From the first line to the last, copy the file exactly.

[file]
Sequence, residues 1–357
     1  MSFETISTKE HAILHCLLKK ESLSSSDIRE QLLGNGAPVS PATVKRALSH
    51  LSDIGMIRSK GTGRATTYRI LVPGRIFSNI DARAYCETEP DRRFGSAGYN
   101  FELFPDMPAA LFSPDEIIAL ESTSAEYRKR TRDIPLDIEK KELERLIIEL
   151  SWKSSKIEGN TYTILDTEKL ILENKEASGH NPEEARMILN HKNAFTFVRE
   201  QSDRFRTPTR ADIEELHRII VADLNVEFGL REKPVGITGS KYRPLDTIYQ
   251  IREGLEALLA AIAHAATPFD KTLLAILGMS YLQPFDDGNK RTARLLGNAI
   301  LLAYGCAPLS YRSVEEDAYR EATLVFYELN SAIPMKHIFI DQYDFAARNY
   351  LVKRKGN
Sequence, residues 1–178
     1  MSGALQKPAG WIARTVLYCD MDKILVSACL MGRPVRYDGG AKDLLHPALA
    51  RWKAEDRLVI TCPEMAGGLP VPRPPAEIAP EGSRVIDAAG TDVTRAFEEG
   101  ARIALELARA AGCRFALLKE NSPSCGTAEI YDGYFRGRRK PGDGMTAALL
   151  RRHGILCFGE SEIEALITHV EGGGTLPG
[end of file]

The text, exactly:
Sequence, residues 1–357
     1  MSFETISTKE HAILHCLLKK ESLSSSDIRE QLLGNGAPVS PATVKRALSH
    51  LSDIGMIRSK GTGRATTYRI LVPGRIFSNI DARAYCETEP DRRFGSAGYN
   101  FELFPDMPAA LFSPDEIIAL ESTSAEYRKR TRDIPLDIEK KELERLIIEL
   151  SWKSSKIEGN TYTILDTEKL ILENKEASGH NPEEARMILN HKNAFTFVRE
   201  QSDRFRTPTR ADIEELHRII VADLNVEFGL REKPVGITGS KYRPLDTIYQ
   251  IREGLEALLA AIAHAATPFD KTLLAILGMS YLQPFDDGNK RTARLLGNAI
   301  LLAYGCAPLS YRSVEEDAYR EATLVFYELN SAIPMKHIFI DQYDFAARNY
   351  LVKRKGN
Sequence, residues 1–178
     1  MSGALQKPAG WIARTVLYCD MDKILVSACL MGRPVRYDGG AKDLLHPALA
    51  RWKAEDRLVI TCPEMAGGLP VPRPPAEIAP EGSRVIDAAG TDVTRAFEEG
   101  ARIALELARA AGCRFALLKE NSPSCGTAEI YDGYFRGRRK PGDGMTAALL
   151  RRHGILCFGE SEIEALITHV EGGGTLPG